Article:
This is a similar line to Laporte’s who, from the moment of his release from custody, has insinuated that his enemies have engineered a scandal out of nothing. One of Laporte’s confidantes told Le Figaro newspaper: ‘This media blitz is a ploy, a manipulation, ten days before the election for the presidency of the FFR. It is regrettable that the judicial system should be sensationalised in this way. Bernard Laporte is being condemned by the media when there is nothing new. It is a disgrace.’
Whatever the outcome of next month’s trial it is an embarrassing situation that French rugby finds itself in a year out from hosting RWC 2023. One imagines that the New Zealand Rugby Union are also a little uneasy given that the All Blacks‘ shirts (like the French ones) are emblazoned with the name ‘Altrad’.
If one scandal wasn’t bad enough for French rugby, another one broke in June when L’Equipe ran an article claiming that Claude Atcher is presiding over a ‘management of terror’ within his RWC 2023 organisation. The paper alleged that there have been a series of resignations from demoralised staff and those who remained live in fear of the sharp-tongued Atcher.
I am capable of saying to someone’s face that their work is not good…but nowadays, some people can’t accept being told that their work doesn’t meet expectations
Claude Atcher, France’s 2023 CEO, refutes allegations about a culture of fear under his leadership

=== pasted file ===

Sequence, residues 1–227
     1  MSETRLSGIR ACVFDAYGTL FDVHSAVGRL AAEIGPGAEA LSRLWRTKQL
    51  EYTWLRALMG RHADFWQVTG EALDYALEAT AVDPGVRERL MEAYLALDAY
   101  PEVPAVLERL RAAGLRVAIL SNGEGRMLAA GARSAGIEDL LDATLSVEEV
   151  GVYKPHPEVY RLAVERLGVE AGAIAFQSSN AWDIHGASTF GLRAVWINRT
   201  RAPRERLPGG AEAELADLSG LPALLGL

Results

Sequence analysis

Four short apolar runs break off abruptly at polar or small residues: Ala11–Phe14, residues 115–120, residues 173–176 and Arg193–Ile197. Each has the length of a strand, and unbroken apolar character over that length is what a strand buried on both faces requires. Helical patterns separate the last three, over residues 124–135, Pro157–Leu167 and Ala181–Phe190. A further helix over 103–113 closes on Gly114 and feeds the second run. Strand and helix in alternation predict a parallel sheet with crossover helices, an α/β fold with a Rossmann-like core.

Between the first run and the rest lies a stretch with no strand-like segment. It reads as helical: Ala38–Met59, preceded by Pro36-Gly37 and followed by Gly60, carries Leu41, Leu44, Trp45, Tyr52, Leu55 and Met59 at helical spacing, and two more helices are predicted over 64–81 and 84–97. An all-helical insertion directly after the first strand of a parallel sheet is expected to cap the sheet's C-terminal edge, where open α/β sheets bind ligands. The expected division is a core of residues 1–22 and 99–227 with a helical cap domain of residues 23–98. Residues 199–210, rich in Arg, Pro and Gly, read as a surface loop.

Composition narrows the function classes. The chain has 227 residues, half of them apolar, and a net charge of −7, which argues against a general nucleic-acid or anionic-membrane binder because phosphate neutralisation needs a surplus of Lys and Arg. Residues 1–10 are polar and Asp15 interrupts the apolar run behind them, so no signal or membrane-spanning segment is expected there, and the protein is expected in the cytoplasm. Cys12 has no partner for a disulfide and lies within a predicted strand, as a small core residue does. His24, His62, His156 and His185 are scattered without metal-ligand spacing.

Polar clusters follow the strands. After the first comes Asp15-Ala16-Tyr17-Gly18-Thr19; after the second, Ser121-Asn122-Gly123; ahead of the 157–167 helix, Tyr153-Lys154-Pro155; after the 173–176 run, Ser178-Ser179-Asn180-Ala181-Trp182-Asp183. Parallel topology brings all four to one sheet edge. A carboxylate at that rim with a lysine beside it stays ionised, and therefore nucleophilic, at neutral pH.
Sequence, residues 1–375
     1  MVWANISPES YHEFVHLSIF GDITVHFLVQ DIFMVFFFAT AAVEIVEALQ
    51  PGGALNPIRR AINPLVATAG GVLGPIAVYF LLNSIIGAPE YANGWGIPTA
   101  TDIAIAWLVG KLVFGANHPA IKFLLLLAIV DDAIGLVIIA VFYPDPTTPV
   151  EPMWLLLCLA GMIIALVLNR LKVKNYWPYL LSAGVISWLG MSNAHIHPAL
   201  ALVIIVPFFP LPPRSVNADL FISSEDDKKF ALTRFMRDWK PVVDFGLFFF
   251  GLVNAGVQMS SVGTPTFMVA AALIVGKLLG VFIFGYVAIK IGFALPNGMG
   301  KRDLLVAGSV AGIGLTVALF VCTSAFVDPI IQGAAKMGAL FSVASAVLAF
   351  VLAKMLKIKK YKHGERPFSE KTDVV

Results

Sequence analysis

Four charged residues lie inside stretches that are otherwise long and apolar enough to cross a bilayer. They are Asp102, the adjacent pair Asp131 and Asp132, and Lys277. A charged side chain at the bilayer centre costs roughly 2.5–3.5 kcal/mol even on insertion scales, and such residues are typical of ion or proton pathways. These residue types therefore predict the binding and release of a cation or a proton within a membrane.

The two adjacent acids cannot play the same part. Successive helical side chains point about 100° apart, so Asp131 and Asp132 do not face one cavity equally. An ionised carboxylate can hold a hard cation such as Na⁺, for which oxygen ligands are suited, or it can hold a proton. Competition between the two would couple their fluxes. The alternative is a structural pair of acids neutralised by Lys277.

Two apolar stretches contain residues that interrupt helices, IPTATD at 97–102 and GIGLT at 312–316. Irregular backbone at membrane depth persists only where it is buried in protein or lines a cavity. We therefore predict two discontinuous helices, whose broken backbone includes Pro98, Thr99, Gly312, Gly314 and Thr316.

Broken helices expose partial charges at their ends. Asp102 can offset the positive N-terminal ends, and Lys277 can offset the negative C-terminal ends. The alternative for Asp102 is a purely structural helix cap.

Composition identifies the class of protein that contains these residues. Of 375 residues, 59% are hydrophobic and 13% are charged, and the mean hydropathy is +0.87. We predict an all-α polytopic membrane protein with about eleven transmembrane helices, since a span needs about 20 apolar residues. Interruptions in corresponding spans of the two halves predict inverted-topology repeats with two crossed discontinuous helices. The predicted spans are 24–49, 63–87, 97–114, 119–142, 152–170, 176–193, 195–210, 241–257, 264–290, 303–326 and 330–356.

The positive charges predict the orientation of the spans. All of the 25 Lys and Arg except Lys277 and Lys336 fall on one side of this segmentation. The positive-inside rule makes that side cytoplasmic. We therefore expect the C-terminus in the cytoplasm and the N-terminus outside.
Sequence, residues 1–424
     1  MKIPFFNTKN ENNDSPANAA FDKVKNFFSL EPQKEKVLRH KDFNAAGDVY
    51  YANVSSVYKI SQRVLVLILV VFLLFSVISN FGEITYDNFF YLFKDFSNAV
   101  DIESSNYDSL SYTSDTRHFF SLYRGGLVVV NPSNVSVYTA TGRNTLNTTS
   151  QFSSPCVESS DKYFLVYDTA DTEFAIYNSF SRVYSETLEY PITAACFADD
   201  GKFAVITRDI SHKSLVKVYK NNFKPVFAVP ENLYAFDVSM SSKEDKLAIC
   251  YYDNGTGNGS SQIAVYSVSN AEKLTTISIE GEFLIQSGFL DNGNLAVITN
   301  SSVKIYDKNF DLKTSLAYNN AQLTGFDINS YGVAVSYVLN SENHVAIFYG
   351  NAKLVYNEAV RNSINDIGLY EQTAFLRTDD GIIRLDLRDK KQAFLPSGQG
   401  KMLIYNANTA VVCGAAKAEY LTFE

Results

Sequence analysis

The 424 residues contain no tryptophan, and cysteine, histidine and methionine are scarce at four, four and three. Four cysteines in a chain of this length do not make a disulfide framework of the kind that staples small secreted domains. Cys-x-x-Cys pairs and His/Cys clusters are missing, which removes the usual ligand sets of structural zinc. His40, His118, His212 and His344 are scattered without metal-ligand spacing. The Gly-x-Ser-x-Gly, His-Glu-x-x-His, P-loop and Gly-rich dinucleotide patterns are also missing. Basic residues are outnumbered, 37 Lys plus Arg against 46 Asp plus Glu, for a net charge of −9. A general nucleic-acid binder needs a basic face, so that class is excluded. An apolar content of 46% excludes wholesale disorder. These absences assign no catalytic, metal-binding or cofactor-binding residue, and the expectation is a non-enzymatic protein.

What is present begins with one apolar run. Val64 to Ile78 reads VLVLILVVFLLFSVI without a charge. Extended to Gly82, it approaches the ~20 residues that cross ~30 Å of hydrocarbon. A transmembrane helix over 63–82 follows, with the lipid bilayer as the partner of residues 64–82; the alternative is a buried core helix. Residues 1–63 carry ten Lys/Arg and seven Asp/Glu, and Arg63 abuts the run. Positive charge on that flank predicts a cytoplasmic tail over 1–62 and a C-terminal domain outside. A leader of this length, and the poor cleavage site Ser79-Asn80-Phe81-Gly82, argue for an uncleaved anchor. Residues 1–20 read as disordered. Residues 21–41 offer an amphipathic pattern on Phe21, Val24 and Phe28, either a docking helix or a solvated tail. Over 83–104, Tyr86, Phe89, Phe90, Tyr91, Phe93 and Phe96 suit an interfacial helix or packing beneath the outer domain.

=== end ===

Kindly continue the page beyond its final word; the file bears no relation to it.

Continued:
In response to L’Equipe’s expose, Amélie Oudéa-Castéra, the Minister of Sport, ordered an inquiry into the claims. Atcher – who will also appear in the dock next month alongside Laporte, Altrad and Simon – has refuted the allegations. In a recent interview he implied his detractors were ‘snowflake’ Millennials unused to constructive criticism. ‘I admit to an intergenerational gap,’ said. ‘There is perhaps this cultural difference with my paternalistic management. I am capable of saying to someone’s face that their work is not good…but nowadays, some people can’t accept being told that their work doesn’t meet expectations.’
Atcher’s defence was challenged by Florian Grill, who unsuccessfully challenged Laporte for the FFR presidency in 2020. The 56-year-old told a newspaper he had first-hand experience of Atcher’s feisty approach dating back a few years to a meeting of the FFR’s management committee.